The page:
Older coins, such as those minted in the 19th century, may be more expensive, but this reflects their “numismatic” value as collectables, rather than their intrinsic value as gold bullion – in other words, unless you’re an avid coin collector, stick with the sovereigns. There are many coin dealers offering online delivery (such as GoldCore.com), and several have physical branches too (such as Atkinsons Bullion in Birmingham or Sharps Pixley in London). In recent years, vending machines selling gold coins have popped up in shopping malls around the world. These are best avoided, as they will charge you significantly more in transaction costs.

Buying online

Owning a bag of coins that you can gaze upon for reassurance during hard economic times has its appeal. However, it’s also a relatively expensive way to invest in gold. An alternative is to open an account with an online gold investment service, such as BullionVault (BullionVault.com), BullionByPost (BullionbyPost.co.uk), or GoldMoney (GoldMoney.com) – where you own gold stored in a vault, specifically allocated to you. You will pay a small premium to the spot price when buying, and again, there are fees when selling, but overall costs are lower. For example, to buy £4,991.28 of gold from BullionVault.com, hold it for a year, then sell, would incur total costs of 1.77%, according to the company’s website. That’s significantly lower than the “spread” you would pay on an equivalent bag of coins. If you do want to take physical delivery of your gold, these companies will provide that service too, although that’s not their main purpose.

Another variant of buying gold online is through the Perth Mint Certificate Program (PerthMint.com). This government-backed scheme allows you to buy and sell gold and other precious metals via a select list of distributors. Australia’s Perth Mint will then look after your gold, and will issue you with a unique Precious Metal Certificate proving your ownership of the quantity of gold you have bought.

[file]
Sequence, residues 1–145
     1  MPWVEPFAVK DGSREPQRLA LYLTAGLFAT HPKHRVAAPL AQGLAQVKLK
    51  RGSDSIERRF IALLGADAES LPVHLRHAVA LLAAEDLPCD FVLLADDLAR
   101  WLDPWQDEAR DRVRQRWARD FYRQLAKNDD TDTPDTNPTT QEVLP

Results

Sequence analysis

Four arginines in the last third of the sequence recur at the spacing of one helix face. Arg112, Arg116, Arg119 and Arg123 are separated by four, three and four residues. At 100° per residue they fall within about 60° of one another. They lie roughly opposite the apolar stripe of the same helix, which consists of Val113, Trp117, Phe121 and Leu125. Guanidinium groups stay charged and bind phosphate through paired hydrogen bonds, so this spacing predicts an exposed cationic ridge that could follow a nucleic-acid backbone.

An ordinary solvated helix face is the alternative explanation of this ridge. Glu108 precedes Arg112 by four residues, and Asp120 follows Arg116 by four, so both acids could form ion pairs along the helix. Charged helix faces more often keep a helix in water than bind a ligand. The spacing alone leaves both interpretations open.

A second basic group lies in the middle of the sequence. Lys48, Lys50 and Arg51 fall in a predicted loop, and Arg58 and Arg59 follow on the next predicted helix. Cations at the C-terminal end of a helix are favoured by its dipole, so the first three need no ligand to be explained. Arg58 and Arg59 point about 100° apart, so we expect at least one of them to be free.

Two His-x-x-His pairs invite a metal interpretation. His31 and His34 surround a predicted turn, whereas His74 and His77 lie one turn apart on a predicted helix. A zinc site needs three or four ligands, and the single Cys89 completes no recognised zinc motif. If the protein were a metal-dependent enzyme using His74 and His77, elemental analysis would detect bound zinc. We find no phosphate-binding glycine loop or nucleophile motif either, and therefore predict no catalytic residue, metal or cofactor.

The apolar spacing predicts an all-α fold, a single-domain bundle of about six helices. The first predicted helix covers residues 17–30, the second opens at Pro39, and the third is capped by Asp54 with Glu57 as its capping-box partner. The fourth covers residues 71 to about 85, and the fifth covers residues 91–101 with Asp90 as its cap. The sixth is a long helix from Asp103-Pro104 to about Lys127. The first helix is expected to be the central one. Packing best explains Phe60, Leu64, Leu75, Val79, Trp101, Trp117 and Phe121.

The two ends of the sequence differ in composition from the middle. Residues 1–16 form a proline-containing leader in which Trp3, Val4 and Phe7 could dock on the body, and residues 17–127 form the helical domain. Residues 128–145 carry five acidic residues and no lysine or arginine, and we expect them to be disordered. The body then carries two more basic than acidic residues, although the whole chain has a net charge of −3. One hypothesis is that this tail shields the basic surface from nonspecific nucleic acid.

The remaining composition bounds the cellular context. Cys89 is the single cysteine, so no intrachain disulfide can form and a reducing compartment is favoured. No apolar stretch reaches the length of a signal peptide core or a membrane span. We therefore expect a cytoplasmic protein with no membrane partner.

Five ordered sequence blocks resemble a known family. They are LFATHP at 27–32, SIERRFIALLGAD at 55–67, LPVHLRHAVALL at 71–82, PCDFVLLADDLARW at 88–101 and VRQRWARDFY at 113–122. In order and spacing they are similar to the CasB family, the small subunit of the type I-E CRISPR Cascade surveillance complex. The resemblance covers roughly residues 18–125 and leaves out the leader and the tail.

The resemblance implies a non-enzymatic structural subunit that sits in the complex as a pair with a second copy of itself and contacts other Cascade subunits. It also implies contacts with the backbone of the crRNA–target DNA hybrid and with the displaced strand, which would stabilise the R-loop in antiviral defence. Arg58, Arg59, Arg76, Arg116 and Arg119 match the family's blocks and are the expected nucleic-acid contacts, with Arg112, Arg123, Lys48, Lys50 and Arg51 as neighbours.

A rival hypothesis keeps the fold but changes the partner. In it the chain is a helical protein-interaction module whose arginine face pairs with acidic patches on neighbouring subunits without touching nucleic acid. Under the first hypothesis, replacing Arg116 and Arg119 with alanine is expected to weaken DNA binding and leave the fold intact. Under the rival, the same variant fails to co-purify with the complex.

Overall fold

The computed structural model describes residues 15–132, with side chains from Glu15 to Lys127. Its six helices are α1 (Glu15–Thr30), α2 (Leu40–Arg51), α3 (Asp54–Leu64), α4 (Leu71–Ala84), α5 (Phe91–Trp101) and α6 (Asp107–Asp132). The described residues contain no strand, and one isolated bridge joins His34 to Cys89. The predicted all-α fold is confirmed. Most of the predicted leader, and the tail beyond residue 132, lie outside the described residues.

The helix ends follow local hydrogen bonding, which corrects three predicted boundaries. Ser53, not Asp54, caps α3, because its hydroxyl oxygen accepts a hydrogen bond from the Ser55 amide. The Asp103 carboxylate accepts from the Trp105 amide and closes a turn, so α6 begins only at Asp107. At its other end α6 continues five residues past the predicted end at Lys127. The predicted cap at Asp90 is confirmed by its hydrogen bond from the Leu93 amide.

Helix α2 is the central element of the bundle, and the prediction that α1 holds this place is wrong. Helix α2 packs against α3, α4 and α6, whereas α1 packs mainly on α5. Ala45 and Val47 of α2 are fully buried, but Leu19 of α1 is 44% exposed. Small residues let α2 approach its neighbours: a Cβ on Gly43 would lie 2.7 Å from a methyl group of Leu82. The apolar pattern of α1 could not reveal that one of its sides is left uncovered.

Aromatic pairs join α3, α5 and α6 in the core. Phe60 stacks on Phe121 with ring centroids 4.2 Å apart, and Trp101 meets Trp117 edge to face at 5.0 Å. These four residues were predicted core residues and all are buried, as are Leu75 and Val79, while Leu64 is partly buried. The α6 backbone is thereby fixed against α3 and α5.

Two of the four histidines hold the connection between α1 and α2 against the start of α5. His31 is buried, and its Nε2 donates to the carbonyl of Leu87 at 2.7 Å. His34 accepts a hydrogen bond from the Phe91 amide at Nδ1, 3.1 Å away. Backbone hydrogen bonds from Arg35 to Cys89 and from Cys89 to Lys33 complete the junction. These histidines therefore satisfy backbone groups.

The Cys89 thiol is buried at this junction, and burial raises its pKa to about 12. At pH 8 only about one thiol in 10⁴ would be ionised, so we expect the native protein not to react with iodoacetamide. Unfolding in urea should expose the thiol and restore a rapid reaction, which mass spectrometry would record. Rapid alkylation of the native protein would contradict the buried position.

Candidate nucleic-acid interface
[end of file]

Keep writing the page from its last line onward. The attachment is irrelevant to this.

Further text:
Exchange-traded funds

ETFs provide a quick and easy way to buy exposure to gold. The ETF is a stock-exchange listed fund
that merely tracks the price of gold – you can buy and sell shares in the ETF just as you would any other listed fund or company. Make sure you buy a “physically backed” gold ETF (the most popular ones, such as ETFS Physical Gold (LSE: PHAU), are). This means the ETF itself is physically backed by gold stored in a vault, although that gold is not allocated to individual investors (it is possible to take possession of ETF gold, but they’re not really designed for this). Annual fees come in at around 0.4% – that’s cheaper than buying and selling individual gold coins, but whether or not it’s cheaper than online bullion dealers depends on how much you are investing. Where ETFs are useful is that they can be tucked away in tax-efficient individual savings accounts (Isas), which shields them from CGT, for example.

If you want to know where to buy gold bullion, we have compiled a directory of leading gold brokers where you can buy gold bullion, coins and bars online, over the phone or even in branch: How and where to buy gold coins and bars.